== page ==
• Immunosuppressive agent (excluding cyclophosphamide)
Medical Condition:Cardiorespiratory: myocarditis, pericarditis, pleurisy/pleural effusion, vasculitis (excluding aortitis)
 Constitutional: hepatitis (non-viral)
 Gastrointestinal: acute pancreatitis, lupus enterititis/colitis
 Hematology: hemolytic anemia
 Musculoskeletal: ischemic necrosis of bone
 Neuropsychiatric: demyelinating syndrome/acute inflammatory demyelinating polyradiculoneuropathy, mononeuropathy/polyneuropathy, myelopathy, pseudotumor cerebri, seizure
HighIntensive RX OR Severe Medical Condition
Rx:• Oral corticosteroid dose >=60 mg/day
 • Cyclophosphamide
 • Rituximab
Medical Condition:Cardiorespiratory: aortitis, arterial/ venous thrombosis, cardiac tamponade, pulmonary hemorrhage, stroke/TIA
 Gastrointestinal: intestinal pseudo-obstruction
 Neuropsychiatric: acute confusional state/psychosis, aseptic meningitis, cranial neuropathy
 Ophthalmic: optic neuritis
 Renal: end stage renal disease (ESRD)
SLE Flare Severity Algorithm 
RX Initiation• Hydroxychloroquine or other antimalarial
• Oral corticosteroid with prednisone-equivalent dose of <=7.5 mg/day 
 • Non-immunosuppressive therapy (NSAIDS, androgens)
RX Initiation• Oral corticosteroid with prednisone-equivalent dose >7.5 mg/day & <= 40 mg/day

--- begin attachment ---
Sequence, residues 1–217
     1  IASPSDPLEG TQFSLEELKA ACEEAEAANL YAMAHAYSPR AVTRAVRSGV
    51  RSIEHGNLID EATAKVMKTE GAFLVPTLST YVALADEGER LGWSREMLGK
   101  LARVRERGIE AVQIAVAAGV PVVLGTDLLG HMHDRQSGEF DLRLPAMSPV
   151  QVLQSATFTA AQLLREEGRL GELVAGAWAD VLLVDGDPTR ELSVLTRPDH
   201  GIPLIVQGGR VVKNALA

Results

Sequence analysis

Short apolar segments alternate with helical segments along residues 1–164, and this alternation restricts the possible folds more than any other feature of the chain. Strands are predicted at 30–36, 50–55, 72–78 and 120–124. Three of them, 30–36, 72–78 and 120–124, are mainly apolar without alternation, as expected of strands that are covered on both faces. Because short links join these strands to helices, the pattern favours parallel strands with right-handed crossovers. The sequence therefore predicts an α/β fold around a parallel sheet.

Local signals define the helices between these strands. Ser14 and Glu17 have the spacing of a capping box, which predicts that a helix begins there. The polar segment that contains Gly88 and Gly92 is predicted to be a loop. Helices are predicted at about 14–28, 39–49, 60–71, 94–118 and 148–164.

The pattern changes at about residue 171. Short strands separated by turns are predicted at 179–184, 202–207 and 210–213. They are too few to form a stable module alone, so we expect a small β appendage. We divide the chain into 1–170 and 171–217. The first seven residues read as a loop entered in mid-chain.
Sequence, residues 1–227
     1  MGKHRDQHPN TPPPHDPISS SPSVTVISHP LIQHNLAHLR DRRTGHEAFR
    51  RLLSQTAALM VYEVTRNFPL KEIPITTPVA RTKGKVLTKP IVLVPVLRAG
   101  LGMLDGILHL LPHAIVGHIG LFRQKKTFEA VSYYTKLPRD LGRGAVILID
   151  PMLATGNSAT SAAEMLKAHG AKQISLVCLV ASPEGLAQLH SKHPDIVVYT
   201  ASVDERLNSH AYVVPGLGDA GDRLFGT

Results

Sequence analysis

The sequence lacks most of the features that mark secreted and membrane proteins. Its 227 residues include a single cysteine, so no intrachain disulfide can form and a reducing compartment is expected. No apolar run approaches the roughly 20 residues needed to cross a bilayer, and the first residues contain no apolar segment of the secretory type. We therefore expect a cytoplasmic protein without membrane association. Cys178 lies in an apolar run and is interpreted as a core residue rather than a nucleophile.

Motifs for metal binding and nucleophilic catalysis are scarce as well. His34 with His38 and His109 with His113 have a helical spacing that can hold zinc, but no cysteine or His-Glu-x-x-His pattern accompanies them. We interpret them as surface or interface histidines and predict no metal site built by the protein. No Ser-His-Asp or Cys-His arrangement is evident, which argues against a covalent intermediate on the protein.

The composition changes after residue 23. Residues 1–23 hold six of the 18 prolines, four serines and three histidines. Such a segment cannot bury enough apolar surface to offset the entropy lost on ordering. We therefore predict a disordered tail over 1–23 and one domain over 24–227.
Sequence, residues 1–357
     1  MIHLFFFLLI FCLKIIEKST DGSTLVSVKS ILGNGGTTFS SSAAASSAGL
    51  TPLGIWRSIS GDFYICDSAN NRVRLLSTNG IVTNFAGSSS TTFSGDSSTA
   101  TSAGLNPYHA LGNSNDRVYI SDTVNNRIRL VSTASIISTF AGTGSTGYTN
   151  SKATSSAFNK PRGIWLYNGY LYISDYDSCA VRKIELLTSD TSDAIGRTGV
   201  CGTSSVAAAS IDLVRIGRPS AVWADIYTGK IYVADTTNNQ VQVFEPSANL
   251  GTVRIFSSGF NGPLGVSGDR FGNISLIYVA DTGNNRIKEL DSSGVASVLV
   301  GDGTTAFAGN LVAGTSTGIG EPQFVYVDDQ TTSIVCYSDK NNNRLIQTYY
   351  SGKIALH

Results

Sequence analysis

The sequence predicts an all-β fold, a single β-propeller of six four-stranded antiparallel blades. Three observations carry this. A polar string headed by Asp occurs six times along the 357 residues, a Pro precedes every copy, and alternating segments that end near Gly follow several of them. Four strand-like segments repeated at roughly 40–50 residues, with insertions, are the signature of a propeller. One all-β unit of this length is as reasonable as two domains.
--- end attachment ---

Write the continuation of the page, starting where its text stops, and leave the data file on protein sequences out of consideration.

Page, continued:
• Immunosuppressive therapy (excluding cyclophosphamide)
Medical• ER visit with primary diagnosis of SLE (710.0x) or SLE-related condition
 • Office visit for new SLE-related condition*
RX Initiation• Oral corticosteroid with prednisone-equivalent dose >40 mg/day
 • Cyclophosphamide
Medical• Hospital stay with primary diagnosis of SLE (710.0x) or SLE-related condition*
*SLE-related conditions: disease severity conditions above or any of following: arthritis/arthralgia, dry eye/tear film insufficiency, rash, low white blood cell count (leukopenia, neutropenia, lymphocytopenia), lymph node enlargement, myalgia/myositis, urticaria

Applying the algorithm, 26% of patients were classified as mild, 52% were moderate and 22% had high disease severity over the 2 year follow-up period. Over the 2-year period, 71% of patients had at least one mild flare, 86% had at least one moderate flare and 20% had one or more severe flares.


This study has identified an algorithm that may be used to identify SLE disease severity and the occurrence and severity of SLE flares, using a combination of medical and pharmacy administrative claims. Applying this clinically-based algorithm to other claims-based studies of patients with SLE may enable an improved evaluation of SLE patients in real-world populations.

To cite this abstract, please use the following information:
Garris, Cindy P., Jhingran, Priti M., Engel-Nitz, Nicole M., Riedel, Aylin A., Goldberg, George, Bass, Damon L., et al; Assessing Systemic Lupus Erythematosus Disease Severity and Disease Flares: Development of a Claims-Based Algorithm. [abstract]. Arthritis Rheum 2010;62 Suppl 10 :757
DOI: 10.1002/art.28525